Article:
Picture Chubby Checker being whipped away by a tornado and you have a ridiculous image of mind-boggling twisting. Or you could read Cold Moon - your impression would be much the same.
Police forensic consultant and former Detective Lincoln Rhyme as always feels immense frustration that he is not out there with his team, walking his own personally devised murder scene "grid" and so must take some satisfaction in that his best eyes and ears, Amelia Sachs, is out there to do it for him. Sachs has her eye on some future goal that might not involve police work, and this is despite the fact that she is riding her first case as Lead homicide Detective. Some of those in the department have always wanted the bright Amelia Sachs to fall from a great height and when her current case leads her down the road into her father's own policing past, she is more able to understand why.
Deaver is a master at suspense, and the ticking clock element to this novel is only a small part of that. There are always so many layers to the Lincoln Rhyme novel that it's delightful to have the knowledge that an early answer will never be THE answer; Deaver we expect to always work the suspense screws skifully right up until the final pages. This is a better novel than the previous one or two in the series which puzzled more than entertained. THE COLD MOON is more tightly crafted with greater cohesion between merging plotlines (which there always seems to be) and less extraneous elements are involved. This series isn't read for the warm and fuzzy character development and stripping it all back down to the action of the escalating hunt has made for a far better read.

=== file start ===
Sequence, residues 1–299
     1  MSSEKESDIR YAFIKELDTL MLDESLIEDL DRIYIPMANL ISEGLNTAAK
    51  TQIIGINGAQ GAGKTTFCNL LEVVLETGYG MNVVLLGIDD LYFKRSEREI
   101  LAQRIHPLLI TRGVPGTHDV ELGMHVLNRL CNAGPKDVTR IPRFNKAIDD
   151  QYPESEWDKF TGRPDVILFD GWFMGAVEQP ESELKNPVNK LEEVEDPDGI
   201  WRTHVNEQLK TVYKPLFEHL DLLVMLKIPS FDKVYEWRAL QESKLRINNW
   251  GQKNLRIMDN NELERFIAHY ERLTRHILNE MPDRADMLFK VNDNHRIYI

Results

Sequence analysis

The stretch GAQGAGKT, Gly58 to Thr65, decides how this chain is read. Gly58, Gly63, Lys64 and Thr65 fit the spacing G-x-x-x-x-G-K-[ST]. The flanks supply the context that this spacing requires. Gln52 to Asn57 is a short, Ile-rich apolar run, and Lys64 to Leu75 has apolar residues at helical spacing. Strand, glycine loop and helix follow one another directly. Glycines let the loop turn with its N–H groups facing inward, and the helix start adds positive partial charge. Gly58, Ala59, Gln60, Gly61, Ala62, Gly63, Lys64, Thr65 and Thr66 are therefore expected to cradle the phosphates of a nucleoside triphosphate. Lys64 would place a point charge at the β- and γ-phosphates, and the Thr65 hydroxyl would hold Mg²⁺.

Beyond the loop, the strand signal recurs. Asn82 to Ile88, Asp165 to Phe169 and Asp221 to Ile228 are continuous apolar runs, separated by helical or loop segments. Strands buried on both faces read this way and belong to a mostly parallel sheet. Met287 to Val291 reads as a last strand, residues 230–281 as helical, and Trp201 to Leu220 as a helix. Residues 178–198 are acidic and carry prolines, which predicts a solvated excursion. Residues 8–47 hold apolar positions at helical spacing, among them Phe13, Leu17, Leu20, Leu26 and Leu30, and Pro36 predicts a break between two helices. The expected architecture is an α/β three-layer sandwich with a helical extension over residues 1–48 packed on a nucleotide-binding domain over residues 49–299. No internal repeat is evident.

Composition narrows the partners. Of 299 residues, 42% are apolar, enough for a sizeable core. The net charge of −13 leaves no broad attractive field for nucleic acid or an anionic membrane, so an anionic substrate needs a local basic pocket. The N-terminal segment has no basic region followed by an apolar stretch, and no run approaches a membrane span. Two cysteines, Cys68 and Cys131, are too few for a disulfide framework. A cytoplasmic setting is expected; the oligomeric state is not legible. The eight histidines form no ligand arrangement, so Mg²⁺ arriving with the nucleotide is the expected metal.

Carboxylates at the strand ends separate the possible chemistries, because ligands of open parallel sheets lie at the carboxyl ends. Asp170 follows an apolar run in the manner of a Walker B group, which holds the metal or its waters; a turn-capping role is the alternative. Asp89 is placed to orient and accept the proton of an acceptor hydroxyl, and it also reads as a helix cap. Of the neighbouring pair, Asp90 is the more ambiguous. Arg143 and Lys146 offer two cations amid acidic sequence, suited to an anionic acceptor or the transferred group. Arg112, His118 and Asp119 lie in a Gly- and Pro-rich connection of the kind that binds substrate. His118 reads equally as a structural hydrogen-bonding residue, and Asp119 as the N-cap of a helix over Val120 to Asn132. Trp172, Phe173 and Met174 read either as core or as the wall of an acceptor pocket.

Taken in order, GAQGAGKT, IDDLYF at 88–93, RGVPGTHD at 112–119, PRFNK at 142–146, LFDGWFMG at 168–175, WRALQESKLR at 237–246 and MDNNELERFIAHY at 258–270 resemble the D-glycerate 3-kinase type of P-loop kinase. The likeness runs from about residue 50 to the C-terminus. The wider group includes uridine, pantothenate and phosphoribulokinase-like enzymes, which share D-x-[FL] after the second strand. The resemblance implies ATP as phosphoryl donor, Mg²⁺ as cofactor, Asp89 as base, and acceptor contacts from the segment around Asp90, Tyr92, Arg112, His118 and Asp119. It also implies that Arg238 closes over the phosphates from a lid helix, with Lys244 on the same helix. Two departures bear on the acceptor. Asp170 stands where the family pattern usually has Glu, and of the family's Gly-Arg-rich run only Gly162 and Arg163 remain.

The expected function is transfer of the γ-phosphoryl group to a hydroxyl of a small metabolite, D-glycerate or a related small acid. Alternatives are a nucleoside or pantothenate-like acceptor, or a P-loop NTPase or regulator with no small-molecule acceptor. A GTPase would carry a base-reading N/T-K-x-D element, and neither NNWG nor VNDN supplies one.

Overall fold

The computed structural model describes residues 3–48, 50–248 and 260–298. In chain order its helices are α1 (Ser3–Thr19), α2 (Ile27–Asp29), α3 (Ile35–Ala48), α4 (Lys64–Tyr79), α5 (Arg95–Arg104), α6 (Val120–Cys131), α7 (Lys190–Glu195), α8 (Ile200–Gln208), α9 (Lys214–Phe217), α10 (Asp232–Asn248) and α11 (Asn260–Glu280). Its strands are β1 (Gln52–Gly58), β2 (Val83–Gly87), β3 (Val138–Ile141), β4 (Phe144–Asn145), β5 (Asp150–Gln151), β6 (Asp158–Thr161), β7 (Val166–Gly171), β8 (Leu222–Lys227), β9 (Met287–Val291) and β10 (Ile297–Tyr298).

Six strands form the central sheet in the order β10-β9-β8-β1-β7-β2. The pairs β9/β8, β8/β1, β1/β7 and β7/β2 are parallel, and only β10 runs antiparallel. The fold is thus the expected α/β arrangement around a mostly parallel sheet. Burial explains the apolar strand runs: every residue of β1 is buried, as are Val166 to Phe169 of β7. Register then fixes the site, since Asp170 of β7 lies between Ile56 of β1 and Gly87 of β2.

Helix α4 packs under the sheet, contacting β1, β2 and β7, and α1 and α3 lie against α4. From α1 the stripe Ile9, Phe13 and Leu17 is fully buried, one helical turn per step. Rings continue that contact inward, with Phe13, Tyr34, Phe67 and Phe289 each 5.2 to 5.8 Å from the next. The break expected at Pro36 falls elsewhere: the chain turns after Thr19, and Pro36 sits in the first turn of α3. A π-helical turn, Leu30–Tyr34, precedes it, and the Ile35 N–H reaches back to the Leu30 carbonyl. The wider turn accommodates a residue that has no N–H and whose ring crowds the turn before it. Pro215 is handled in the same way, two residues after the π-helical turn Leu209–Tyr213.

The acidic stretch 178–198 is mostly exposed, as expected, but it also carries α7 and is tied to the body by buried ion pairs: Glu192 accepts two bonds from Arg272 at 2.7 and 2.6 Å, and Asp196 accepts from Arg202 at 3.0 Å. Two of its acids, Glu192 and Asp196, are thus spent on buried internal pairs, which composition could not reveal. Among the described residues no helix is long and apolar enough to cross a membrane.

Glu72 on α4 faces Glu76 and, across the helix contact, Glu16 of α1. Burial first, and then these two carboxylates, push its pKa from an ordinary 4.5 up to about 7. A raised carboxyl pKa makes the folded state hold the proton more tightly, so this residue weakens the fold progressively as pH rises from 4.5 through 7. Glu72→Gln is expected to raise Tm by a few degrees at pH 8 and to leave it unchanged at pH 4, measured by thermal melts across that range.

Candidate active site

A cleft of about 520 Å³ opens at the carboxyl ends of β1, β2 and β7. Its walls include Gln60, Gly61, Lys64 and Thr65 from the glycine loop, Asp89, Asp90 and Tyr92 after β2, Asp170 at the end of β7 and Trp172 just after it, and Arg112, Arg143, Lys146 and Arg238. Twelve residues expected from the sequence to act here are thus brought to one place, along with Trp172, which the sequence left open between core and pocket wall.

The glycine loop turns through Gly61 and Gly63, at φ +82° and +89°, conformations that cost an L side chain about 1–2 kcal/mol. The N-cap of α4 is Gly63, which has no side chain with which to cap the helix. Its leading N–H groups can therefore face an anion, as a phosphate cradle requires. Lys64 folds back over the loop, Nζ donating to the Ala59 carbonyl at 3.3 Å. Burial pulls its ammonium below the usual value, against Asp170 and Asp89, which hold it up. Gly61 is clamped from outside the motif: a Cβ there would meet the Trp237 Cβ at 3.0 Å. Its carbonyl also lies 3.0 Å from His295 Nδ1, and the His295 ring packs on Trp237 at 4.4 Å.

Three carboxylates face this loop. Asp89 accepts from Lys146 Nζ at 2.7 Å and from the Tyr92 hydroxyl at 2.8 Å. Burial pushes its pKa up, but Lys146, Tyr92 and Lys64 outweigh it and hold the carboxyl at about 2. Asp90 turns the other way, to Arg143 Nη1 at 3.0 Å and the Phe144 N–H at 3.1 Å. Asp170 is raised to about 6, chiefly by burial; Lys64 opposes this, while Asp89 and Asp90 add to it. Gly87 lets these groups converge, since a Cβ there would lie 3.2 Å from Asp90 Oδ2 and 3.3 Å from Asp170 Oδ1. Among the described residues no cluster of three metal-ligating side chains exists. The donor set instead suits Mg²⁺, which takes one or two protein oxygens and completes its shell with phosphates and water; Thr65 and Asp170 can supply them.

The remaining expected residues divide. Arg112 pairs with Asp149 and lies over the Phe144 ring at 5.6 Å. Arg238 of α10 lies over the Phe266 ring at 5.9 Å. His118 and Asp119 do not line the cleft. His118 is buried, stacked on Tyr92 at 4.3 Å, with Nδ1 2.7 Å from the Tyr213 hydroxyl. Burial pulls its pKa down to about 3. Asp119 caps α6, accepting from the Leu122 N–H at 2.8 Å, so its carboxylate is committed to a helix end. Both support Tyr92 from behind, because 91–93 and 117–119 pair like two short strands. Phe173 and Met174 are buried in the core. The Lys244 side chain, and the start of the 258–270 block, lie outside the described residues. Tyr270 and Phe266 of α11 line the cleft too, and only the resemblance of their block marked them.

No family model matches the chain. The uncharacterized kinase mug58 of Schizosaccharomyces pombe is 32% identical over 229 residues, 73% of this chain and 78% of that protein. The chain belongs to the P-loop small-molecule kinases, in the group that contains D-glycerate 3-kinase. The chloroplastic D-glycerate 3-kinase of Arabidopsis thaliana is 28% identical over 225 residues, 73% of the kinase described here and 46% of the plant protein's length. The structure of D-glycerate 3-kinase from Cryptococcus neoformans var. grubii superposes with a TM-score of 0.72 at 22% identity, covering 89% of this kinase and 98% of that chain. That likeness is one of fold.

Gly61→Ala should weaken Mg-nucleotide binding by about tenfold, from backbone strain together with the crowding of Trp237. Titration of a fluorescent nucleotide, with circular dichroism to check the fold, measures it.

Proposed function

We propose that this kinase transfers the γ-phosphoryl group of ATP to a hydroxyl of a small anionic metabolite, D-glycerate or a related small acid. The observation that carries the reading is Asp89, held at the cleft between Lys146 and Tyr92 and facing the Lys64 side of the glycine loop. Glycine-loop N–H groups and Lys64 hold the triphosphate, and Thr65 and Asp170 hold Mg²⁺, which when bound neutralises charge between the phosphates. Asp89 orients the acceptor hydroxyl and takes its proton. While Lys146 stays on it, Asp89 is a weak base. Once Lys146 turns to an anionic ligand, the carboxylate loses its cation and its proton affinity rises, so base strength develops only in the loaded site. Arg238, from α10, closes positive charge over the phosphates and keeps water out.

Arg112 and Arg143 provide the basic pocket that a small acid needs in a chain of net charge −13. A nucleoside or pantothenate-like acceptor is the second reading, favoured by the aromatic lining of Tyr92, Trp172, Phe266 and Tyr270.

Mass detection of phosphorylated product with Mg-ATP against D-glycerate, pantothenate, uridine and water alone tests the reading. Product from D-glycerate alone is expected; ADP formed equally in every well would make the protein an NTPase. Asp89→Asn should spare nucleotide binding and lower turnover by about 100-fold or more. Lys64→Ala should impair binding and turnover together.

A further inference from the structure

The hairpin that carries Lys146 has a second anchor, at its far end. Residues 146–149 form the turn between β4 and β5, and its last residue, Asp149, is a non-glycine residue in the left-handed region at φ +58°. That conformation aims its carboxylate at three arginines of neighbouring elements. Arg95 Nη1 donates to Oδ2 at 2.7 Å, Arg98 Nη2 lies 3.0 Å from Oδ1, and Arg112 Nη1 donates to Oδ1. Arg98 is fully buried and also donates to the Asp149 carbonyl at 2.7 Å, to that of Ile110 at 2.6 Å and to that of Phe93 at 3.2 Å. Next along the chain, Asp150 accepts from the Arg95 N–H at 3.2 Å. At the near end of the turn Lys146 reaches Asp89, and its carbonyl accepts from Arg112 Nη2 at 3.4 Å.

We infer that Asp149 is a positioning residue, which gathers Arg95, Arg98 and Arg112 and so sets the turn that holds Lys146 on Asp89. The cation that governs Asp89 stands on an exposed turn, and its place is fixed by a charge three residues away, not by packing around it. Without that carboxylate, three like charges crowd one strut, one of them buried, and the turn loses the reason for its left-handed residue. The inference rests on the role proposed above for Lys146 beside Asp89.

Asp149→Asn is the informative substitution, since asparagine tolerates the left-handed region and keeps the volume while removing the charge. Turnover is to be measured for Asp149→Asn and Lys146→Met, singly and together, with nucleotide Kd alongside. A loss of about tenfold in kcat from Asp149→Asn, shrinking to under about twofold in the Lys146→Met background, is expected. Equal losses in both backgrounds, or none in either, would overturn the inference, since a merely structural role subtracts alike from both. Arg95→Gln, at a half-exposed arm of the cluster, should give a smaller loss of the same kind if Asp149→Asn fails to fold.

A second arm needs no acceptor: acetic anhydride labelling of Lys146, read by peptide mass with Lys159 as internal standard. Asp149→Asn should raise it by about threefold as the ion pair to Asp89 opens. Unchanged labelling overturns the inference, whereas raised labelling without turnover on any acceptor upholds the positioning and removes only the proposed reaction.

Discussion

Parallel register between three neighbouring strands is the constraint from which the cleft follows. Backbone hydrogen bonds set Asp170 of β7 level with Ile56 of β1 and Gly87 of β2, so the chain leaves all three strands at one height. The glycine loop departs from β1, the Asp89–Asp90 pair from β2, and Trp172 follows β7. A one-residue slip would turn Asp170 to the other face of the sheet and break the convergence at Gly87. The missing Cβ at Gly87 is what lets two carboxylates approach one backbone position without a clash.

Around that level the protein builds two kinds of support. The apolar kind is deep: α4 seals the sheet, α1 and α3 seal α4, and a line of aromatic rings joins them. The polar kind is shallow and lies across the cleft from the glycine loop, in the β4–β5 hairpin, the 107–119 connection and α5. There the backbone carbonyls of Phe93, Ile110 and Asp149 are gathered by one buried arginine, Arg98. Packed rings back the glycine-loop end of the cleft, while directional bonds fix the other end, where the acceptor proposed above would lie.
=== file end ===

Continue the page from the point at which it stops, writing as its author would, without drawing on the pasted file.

On the flip side of this some of the personal issues have been dragged out too far in the series and need to be dealt with. Fans of the series need to have resolution on teasers that were introduced many novels ago, and a retrospective novel probably wouldn't be a bad inclusion either (not an original thought, but would probably be timely).
If you haven't read a Jeffery Deaver novel before, THE COLD MOON would give you a good feel for the series and Deaver makes solid work of providing enough supporting information to enable his books to be read as stand alones. A great book in a stellar series that still has no peer.